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Social Media Giant Facebook Sues South Korean Firm Over Data Misuse

Federal prosecutors in the US are now probing whether top executives of Facebook were aware of data harvesting by the British political consulting firm Cambridge Analytica

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This photograph taken on May 16, 2018, shows a figurine standing in front of the logo of social network Facebook on a cracked screen of a smartphone in Paris. VOA

Battling the Cambridge Analytica data scandal, Facebook has now filed a lawsuit in California state court against Rankwave, a South Korean data analytics company that ran apps on its platform.

The lawsuit alleged that Rankwave abused Facebook’s developer platform’s data and refused to cooperate with a mandatory compliance audit and request to delete the data.

“Facebook was investigating Rankwave’s data practices in relation to its advertising and marketing services.

“Rankwave failed to cooperate with our efforts to verify their compliance with our policies, which we require of all developers using our platform,” Jessica Romero, Director of Platform Enforcement and Litigation said in a statement on late Friday.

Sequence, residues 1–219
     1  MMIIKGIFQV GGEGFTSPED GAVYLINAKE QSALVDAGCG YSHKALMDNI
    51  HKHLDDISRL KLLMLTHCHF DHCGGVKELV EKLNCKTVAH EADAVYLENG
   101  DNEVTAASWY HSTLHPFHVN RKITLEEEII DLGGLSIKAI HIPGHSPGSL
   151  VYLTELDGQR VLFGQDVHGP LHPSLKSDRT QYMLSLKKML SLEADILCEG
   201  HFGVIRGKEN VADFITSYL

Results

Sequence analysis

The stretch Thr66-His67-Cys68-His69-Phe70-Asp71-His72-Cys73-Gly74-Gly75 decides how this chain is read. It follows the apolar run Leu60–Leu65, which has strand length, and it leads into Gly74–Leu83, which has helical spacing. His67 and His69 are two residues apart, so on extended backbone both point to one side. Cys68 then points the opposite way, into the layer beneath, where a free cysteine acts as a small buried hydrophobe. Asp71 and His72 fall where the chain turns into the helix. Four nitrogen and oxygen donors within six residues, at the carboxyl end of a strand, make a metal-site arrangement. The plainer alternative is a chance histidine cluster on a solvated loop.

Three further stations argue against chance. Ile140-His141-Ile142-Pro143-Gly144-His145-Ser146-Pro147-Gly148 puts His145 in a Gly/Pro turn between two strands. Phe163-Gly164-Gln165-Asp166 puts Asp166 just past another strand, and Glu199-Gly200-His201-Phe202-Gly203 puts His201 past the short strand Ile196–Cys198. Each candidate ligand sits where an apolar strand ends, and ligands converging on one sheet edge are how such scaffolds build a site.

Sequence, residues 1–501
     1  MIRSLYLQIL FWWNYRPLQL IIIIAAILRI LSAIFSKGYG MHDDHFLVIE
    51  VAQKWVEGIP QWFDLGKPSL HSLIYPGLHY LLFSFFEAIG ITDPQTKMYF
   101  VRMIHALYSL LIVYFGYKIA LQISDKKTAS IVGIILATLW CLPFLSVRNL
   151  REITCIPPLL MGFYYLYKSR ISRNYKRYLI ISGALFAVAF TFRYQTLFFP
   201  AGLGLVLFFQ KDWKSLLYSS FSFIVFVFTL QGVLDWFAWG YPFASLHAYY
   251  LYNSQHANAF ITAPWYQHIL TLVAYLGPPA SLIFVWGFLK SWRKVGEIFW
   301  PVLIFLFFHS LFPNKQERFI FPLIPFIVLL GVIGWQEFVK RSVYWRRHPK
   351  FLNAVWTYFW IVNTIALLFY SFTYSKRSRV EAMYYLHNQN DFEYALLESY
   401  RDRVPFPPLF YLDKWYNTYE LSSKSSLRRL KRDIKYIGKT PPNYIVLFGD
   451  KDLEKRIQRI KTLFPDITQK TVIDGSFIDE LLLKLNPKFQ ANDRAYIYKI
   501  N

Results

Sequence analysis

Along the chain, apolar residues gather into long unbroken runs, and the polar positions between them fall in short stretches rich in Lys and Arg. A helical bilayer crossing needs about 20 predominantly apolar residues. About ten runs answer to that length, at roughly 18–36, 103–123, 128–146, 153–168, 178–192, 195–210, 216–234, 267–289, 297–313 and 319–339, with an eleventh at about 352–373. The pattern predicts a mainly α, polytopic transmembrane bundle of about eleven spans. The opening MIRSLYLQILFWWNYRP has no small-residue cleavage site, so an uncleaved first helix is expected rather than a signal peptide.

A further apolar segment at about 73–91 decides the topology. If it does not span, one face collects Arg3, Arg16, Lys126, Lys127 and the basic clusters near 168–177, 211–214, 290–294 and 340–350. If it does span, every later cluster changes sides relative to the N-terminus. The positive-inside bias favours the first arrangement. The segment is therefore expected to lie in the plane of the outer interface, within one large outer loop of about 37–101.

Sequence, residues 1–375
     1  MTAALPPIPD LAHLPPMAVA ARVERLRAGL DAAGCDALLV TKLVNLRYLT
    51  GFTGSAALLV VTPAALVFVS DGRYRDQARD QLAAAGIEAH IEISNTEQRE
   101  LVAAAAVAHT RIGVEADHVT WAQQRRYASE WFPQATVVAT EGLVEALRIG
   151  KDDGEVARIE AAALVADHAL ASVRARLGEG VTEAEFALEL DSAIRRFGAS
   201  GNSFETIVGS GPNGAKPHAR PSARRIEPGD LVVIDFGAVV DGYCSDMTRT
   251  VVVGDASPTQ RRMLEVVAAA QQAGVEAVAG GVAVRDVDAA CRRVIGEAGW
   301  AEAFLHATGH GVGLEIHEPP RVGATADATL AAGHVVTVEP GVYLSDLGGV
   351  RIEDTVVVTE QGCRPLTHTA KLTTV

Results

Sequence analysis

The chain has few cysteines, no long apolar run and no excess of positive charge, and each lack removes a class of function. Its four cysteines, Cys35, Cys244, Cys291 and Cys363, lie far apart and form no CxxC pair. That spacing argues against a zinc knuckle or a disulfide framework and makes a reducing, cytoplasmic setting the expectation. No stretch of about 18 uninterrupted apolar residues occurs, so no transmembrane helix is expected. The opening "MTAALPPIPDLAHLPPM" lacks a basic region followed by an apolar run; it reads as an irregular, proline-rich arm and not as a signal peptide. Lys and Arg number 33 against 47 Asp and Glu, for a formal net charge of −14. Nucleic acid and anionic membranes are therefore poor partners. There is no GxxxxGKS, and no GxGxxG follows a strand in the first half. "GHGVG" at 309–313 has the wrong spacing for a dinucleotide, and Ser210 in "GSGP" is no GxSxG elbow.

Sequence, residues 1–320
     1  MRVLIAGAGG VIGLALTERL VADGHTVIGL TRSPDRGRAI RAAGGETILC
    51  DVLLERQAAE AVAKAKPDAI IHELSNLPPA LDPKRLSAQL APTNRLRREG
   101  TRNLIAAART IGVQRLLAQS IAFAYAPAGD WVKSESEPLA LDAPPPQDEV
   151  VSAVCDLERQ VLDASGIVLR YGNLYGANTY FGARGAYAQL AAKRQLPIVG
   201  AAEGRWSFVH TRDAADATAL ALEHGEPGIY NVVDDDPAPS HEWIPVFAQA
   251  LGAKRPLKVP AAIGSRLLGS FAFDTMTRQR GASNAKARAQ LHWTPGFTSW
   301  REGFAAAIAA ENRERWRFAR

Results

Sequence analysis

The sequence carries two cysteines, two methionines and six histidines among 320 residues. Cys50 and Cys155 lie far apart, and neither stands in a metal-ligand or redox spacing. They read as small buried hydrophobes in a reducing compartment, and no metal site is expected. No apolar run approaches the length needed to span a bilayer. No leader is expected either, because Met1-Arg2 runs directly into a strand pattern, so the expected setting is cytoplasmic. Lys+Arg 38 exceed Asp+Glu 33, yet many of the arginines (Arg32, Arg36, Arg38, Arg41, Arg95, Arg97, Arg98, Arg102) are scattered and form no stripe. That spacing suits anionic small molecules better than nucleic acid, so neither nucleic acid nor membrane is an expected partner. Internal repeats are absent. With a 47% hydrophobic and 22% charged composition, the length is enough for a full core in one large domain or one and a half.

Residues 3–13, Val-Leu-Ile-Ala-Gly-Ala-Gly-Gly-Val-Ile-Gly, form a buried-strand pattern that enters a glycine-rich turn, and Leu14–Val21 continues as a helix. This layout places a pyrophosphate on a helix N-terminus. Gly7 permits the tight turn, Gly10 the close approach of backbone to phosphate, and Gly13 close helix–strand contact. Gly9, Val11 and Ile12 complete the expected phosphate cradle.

She added that Facebook has already suspended apps and accounts associated with Rankwave.

“The lawsuit asks the court to enforce the basic cooperation terms that Rankwave agreed to in exchange for the opportunity to operate apps on the platform,” Romero noted.

According to TechCrunch, Facebook’s lawsuit centres around Rankwave offering to help businesses build a Facebook authorization step into their apps so they can pass all the user data to Rankwave.

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FILE – A 3D printed Facebook logo is seen in front of a displayed Russian flag in this photo illustration, Aug. 3, 2018. VOA

“It then analyzes biographic and behavioural traits to supply user contact info and ad targeting assistance to the business,” the report said.

“That app could pull data about your Facebook activity such as location checkins, determine that you’ve checked into a baseball stadium, and then Rankwave could help its clients target you with ads for baseball tickets,” the report noted.

Rankwave’s Android app asks for users’ Facebook data in exchange for providing them a “Social Influencer Score”.

“By filing the lawsuit, we are sending a message to developers that Facebook is serious about enforcing our policies, including requiring developers to cooperate with us during an investigation,” said the social network giant.

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Facebook recently announced to ban personality quiz apps on its platform — a move taken after the Cambridge Analytica scandal last year that helped researchers access personal information of 87 million users via the quiz app “thisisyourdigitallife”.

Federal prosecutors in the US are now probing whether top executives of Facebook were aware of data harvesting by the British political consulting firm Cambridge Analytica. (IANS)

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Facebook Raises Questions Over EU Ruling on Removing Content

In a public Q&A, Facebook CEO Mark Zuckerberg had said that the ruling sets a "very troubling precedent"